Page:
On the other hand, one could say that the decisions that humans make are in God’s plan. Before the exodus, God hardened Pharaoh’s heart and Pharaoh would not allow the people of God to leave Egypt to worship their God. This was predetermined by God to fulfill a certain purpose. In his letter to the Romans, Paul writes about Pharaoh. “For the Scripture says to Pharaoh: “I raised you up for this very purpose, that I might display my power in you and that my name might be proclaimed in all the earth” (9:17). It nearly seems that Pharaoh did not have a choice in the matter and should not be blamed. To this Paul responds, “But who are you, O man, to talk back to God? Shall what is formed say to him who formed it, ‘Why did you make me like this?’ Does not the potter have the right to make out of the same lump of clay some pottery for noble purposes and some for common use?” (9:20-21). The same argument could be applied to Judas and others involved in the Crucifixion. A specific series of events had to happen in order for God to execute his plan of redemption. What can man do to halt the will of the omnipotent God?

If, in fact, God did orchestrate the actions of Pharaoh, then how could one hold Pharaoh accountable? In what way did Pharaoh have a choice to defy what God had planned? More importantly, what does this say about God? According to this interpretation there isn’t any free will. God is sovereign and he uses humans as a means to facilitate his will. Humans have no power over their destinies or their eternities. They are subject to God. In other words, God chooses who goes to heaven and who goes to hell.

Though God would be completely justified in working in whatever manner he desired (He is God. He can do what he pleases.), this God would also not reflect the God of love in the Bible. A crucial theme of the New Testament is that God does not want anyone to perish, but that he wants everyone to come to salvation. If God were in complete control of every man’s decisions, this would conflict with the message of God’s desire for all men to be saved.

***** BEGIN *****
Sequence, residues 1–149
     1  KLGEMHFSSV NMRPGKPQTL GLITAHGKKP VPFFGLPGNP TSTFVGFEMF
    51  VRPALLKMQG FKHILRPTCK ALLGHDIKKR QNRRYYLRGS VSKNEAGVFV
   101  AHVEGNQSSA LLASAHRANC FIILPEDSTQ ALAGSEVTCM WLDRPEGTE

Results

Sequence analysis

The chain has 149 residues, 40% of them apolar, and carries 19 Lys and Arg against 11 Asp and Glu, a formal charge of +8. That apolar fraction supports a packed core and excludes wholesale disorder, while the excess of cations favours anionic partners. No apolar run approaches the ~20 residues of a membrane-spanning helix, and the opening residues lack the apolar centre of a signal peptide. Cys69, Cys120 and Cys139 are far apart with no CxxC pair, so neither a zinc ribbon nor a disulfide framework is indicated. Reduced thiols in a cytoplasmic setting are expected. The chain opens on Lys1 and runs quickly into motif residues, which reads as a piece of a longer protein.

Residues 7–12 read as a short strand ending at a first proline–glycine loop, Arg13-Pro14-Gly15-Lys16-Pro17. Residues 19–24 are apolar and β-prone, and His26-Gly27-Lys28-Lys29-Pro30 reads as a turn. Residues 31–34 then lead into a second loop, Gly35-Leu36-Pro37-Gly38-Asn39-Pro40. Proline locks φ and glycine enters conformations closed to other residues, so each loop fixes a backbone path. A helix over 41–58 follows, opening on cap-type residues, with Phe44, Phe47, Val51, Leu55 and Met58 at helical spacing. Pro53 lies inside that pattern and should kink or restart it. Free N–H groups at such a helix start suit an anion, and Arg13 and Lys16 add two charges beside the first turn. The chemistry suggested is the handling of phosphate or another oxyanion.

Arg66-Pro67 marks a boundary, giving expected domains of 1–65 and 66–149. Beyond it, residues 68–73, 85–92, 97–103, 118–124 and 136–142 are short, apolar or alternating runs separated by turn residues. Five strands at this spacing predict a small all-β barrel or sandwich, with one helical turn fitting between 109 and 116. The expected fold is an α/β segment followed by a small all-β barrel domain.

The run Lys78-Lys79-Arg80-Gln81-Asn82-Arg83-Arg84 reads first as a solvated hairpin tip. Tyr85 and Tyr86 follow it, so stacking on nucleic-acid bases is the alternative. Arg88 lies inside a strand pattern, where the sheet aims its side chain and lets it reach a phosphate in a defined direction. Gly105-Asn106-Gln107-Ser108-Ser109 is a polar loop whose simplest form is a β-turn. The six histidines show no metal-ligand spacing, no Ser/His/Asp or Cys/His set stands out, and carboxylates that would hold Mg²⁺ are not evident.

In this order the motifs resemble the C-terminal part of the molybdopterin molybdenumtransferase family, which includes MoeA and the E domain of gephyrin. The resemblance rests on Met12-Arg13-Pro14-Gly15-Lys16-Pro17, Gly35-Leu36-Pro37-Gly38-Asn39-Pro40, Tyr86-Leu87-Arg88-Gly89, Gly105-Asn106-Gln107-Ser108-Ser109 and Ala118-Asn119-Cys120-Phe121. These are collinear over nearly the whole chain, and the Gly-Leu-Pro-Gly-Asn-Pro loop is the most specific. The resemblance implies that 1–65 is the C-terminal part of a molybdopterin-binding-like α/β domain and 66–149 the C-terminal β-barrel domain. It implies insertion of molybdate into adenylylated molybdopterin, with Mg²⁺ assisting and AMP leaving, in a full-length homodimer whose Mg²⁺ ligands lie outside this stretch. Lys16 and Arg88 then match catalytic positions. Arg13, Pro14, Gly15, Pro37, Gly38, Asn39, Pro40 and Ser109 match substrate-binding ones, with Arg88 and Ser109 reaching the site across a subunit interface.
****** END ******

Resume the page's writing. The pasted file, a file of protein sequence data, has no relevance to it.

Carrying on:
We are left with a paradoxical situation involving two conflicting views of God. Now, we wonder what power man has to save himself. Dante’s The Divine Comedy gives us a bit of insight as to how this situation may be reconciled. It seems that God saves those who attempt to help themselves in earnest. Guido and his son, Buonconte, demonstrate contrasting conditions of the heart. Guido, after his time with the Ghibellines, claimed to undergo a religious conversion and joined a Franciscan monastery. He was persuaded back to politics, though, and it seems his religious conversion was inauthentic as indicated by his motives. He remarks, “…my works were not those of a lion/ but a fox./ The tricks and the hidden ways, I knew them all” (Inferno XXVII. 74-76). At the end of his life, Guido was trying to convince God and others that he was repentant when he was not. He states, “I gave myself up repentant and shriven; ah,/ miserable wretch that I am! And it would’ve worked” (Inferno XXVII. 83-84). This last statement is a signal that Guido’s repentance was merely another trick. On the other hand, Buonconte’s life ended in stark contrast to his father’s. Buonconte was also a man of the armed forces and it is on the battlefield where we find him in his final moments. Fatally wounded, Buonconte stumbled across a plain. “’There I lost sight and speech./ I ended on the name of Mary – there I fell,/ and only my flesh remained’”  (Purgatorio V. 100). Buonconte’s loss of sight and speech point to a transition from the physical realm to the spiritual. This act was not done in deceit, it was a sacred gesture. The last things Buonconte does in his life are acts of submission to God. He places his arms in the form of a cross over his chest and begins uttering the words of the Hail Mary prayer. Because Buonconte was taken to Purgatory rather than to the Inferno like his father, we can assume that he was genuine in his repentance while Guido was not.